The proof that "Storm" writer/director Hirookazu Kore-eda knows his subject matter includes the Movement press materials sharing that visiting the childhood-era aging housing estate where the widowed mother of Kore-eda still lives provides the setting (and much of the inspiration) for the film. The rest comes from related (global) life experiences.
The following YouTube clip of a theatrical trailer for "Storm" clearly demonstrates that all of us have a touch of the fictionalized Kore-eda in us.
One-hit wonder novelist and current private investigator/gambling addict Ryota Shinoda is having the mother of all middle-age crises during visits with his maternal parent at the aging housing estate where she lives. Like most of us realize in our 40s, the life of Ryota is not nearly the one that he anticipates in his youth; the investigation work is more than the intended research for a second novel, Ryota gambles virtually every dollar that he acquires, and he is almost as estranged from son Shingo as he is from ex-wife Kyoko.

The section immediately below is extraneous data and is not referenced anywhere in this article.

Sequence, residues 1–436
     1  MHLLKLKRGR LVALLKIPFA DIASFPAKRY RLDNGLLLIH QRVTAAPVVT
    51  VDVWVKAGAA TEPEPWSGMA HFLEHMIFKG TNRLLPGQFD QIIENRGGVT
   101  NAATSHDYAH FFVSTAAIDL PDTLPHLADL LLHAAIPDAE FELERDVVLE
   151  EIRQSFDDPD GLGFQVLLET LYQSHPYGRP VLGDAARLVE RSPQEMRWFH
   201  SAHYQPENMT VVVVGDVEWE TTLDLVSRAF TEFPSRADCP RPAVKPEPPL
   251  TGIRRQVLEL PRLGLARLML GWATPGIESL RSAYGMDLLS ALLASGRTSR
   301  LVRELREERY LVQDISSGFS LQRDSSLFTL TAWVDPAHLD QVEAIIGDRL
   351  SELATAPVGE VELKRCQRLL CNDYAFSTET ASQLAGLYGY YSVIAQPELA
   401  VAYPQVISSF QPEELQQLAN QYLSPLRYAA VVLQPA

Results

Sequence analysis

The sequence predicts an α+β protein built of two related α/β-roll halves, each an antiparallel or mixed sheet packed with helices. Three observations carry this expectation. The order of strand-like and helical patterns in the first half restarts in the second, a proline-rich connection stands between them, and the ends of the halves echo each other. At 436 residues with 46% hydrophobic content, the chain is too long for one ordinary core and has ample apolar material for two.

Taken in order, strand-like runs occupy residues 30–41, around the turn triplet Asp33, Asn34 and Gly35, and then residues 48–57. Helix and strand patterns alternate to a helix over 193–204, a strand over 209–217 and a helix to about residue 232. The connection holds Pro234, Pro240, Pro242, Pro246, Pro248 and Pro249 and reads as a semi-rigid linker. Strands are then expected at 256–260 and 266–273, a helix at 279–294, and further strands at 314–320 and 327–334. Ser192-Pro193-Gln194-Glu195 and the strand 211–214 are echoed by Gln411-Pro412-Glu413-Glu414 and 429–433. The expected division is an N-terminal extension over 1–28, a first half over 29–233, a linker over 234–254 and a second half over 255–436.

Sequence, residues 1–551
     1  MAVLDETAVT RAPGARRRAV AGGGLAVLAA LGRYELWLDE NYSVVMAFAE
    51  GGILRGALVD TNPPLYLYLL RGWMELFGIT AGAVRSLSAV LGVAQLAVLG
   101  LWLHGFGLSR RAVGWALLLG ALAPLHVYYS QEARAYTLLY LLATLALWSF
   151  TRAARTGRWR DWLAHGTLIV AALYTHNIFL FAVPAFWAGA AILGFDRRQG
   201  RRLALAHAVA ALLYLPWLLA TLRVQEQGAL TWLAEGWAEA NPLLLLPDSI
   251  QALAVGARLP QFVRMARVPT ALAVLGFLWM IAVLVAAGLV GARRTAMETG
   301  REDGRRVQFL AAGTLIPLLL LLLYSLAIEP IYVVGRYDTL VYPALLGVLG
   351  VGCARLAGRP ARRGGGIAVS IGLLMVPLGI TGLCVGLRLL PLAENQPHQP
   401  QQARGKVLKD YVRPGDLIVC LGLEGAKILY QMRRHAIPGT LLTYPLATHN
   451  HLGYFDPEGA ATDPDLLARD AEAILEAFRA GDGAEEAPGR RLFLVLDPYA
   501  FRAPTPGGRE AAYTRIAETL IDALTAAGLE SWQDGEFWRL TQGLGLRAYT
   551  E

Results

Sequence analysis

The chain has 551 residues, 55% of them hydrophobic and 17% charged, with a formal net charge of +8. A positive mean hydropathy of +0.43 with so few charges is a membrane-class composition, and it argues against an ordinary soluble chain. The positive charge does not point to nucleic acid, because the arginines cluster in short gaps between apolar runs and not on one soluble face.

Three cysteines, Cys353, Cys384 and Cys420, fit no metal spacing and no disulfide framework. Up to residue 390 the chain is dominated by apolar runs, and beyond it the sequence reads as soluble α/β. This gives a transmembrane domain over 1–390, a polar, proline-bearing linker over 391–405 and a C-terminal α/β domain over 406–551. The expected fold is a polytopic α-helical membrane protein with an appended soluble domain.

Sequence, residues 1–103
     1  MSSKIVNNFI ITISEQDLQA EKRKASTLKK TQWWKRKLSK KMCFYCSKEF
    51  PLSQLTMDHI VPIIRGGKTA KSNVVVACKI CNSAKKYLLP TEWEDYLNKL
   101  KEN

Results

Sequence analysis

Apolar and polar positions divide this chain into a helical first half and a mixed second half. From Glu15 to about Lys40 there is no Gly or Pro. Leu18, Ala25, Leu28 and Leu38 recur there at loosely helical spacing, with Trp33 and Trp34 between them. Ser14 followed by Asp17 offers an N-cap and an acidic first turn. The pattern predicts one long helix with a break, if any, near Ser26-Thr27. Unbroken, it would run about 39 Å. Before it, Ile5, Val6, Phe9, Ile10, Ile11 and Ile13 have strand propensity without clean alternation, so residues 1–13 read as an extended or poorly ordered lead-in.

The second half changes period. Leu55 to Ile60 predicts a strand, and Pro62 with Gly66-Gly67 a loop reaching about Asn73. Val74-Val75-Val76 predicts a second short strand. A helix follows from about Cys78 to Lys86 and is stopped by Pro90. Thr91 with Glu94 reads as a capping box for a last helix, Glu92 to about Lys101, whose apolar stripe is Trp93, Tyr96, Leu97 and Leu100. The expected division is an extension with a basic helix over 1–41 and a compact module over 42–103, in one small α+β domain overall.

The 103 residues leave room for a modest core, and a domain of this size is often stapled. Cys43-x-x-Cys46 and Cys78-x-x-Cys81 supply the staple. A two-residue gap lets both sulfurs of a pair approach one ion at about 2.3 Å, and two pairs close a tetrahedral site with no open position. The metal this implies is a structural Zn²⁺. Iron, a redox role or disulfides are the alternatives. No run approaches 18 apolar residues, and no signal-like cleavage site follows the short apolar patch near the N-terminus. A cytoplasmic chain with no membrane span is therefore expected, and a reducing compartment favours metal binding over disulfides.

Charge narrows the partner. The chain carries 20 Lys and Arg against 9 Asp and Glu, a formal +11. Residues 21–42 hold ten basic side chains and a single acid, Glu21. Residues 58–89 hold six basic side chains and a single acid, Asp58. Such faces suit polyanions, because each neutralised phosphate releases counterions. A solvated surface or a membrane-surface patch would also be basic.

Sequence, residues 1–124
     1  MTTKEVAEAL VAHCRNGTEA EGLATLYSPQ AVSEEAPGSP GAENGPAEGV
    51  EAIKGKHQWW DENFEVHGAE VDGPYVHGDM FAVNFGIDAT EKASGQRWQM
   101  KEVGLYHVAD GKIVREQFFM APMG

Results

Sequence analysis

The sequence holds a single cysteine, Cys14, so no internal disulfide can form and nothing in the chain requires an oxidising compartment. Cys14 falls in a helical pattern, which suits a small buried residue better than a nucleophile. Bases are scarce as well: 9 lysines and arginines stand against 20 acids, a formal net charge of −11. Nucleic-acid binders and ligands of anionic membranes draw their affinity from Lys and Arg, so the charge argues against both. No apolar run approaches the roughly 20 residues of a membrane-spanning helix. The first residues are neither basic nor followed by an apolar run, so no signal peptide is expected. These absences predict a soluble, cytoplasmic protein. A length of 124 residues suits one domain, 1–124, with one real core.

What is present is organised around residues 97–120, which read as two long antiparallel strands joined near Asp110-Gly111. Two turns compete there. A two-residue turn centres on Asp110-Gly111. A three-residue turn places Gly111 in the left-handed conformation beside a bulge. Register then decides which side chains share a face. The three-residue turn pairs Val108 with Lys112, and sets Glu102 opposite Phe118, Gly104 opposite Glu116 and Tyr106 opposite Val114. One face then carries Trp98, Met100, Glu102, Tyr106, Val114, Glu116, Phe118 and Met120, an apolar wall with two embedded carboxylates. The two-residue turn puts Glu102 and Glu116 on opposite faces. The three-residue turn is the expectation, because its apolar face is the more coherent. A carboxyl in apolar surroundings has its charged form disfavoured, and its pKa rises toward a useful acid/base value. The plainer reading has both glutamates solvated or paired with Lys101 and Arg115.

The title alone (ala the 1997 Ang Lee film "The Ice Storm" ) yells to the audience that the impending typhoon is highly metaphorical. The events leading up this tempest are that Ryota has several opportunities to improve his lot in life, Kyoko is getting tough regarding delinquent child support payments, and a new man in the life of Kyoko is coming closer to being the primary father figure in the life of Shingo.
Ryota additionally engages in increasing unethical professional conduct that largely involves either betraying his client or his employer for the right price. Rummaging through the belongings of his deceased father demonstrates the same desperation/lack of morals.
The climax of "Storm" begins in the late afternoon of that meteorological event; a series of event finds Ryota, Kyoko, and Shingo in the home of the mother of Ryota. Mom and Ryota successfully team up to convince Kyoka to have her and Shingo stay the night. This manipulation includes getting Kyoka to share a futon with her ex-husband.
The central metaphor takes center stage as Ryota, Kyoko, and Shingo venture out in the heart of the storm; the symbolism continues with a franticish search for scattered-about lottery tickets with their own symbolic significance. The extent to which things change in the wake of the typhoon requires watching the film.
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